music: Billie Holiday–Strange Fruit

And what kinds of crimes prompted these killings, in which the mob, in the 19th century, or a policeman, in the 21st, decided that someone had done something so heinous, or presented such a clear and present danger, that they needed to be executed on the spot, without benefit of a judge and jury?  Just a few of the reasons for lynching in the 19th century:  acting suspiciously, quarrelling, insulting a white man/woman, throwing stones, demanding respect.  In the 21st century, “acting suspiciously” seems to be the big winner.  In Ferguson, Michael Brown scared a policeman.  In Dayton, Ohio, John Crawford was killed in a chain store when he picked up a BB gun from the shelf and started walking to the checkout counter with it, apparently with intention to buy.  In Cleveland, 12-year old Tamir Rice had a BB pistol in his hand, and the policeman who answered the 911 call shot him dead without asking questions.

That one strikes close to home for me.  When I was twelve, in 1960, one of my favorite things to do was “play World War II.”  I would take my toy rifle and go out in the park near our home, where I would duck behind logs, slither through the underbrush, and shoot imaginary “Japs” or “Germans” just like the GI heroes of the comic books I read. Sometimes I played with other kids in my neighborhood, sometimes I played alone. I was white and wandered the back part of some pretty big, wild parks, but if I had been African-American, and a policeman had spotted me, I might not be here today.

And then, of course, there’s the recent case in New York, where the police killed Eric Garner for the heinous crime of selling cigarettes.  The grand jury didn’t indict any of the cops who overreacted to Garner, but did indict the guy who filmed the murder.  Look, I know cigarettes are  dangerous, but if you wanna take somebody down for cigarettes, go after Philip Morris, OK?  That corporate person is the real villain here!

Just three years ago, the big example of the New York police killing somebody and getting away with it was Kenneth Chamberlain, a former Marine and prison guard, retired, who accidentally set off his life-aid pendant.  Somehow the 911 ambulance call turned into the police storming his apartment and shooting him dead.  There have been no indictments in that case, either.  So, being a senior citizen and accidentally setting off your 911 call button is a reasonable cause for summary execution.  Hey, all my fellow senior citizens–better toe the line, especially if you’re black!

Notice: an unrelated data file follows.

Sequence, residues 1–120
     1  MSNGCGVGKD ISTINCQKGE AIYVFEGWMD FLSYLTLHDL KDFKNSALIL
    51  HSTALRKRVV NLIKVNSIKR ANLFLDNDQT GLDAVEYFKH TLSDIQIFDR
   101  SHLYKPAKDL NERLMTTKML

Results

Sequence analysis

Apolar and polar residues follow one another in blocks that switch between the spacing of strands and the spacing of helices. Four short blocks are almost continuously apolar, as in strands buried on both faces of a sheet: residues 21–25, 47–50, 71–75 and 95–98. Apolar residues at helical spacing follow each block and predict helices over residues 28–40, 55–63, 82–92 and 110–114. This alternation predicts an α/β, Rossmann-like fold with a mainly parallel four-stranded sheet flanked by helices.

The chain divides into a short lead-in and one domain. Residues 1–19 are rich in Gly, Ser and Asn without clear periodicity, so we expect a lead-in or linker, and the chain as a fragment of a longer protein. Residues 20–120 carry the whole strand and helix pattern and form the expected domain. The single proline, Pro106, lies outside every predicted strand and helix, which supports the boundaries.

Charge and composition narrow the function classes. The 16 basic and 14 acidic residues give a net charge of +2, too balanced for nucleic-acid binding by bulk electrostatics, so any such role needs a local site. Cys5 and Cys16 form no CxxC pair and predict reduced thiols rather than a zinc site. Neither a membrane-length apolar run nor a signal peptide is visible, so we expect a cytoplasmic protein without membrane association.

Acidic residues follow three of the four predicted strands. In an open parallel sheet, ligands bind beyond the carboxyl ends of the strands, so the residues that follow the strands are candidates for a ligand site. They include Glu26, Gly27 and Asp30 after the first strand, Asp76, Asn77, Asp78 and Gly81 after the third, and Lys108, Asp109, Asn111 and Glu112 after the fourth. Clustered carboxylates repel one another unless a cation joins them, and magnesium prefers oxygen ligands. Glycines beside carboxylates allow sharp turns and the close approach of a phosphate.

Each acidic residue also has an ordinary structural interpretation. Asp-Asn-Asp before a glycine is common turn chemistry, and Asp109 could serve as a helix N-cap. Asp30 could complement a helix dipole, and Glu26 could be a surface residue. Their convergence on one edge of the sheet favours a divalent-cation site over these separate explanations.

TMW2014-12-03colorPerhaps I’m jumping around a bit too much here.  What happened between the lynchings of the late 19th and early 20th centuries, the bombing of Hiroshima, and summary police executions of African-American men in the late 20th and early 21st centuries that links them?

For one thing, racial separation was built into the law of the land.  The Supreme Court’s Plessy vs. Ferguson decision, upholding “separate but equal” treatment of the races was handed down in 1896, as a 7-1 decision.  One of the judges who upheld racial segregation was Edward Douglass White (!), who was a member of the…

Crescent City White League,… a paramilitary organization that had supported white supremacy with violence through the 1870s to suppress black voting and regain political power by white Democrats.

Cities all across the country  used zoning to maintain racial segregation and allowed racial covenants to be written into real estate contracts, and the federal government did essentially the same thing.  When Roosevelt formed the Federal Housing Administration in the 1930’s, as a concession to get the bill passed, racial segregation was written into FHA rules and loan policies.  In the long term, this helped lead to the huge difference between white and black wealth in America, as whites’ net worth increased as their homes’ value ballooned, while African-Americans just had to pay more rent, and were thus less able to save money to buy homes or send their children to college. Those “separate but equal” neighborhoods were separate, all right, but not equal.  Cities provided fewer services, from trash collection to parks and school funding, to African-American areas.  It was we white folks who used our political power to put blacks at a disadvantage every way we could, and who then spread the memes of “lazy black folks” and “welfare queens,” but the truth was that it took all the running an African-American could do just to not fall behind quite so fast.

Orientals fared no better.  According to one source,

Discriminatory laws passed during the early l900s denied the Japanese the right to become citizens, to own land, and to marry outside of their race. In addition, they could not buy homes in certain areas and were barred from jobs in certain industries. Some could only send their children to segregated schools, and in 1924, immigration from Japan was halted altogether.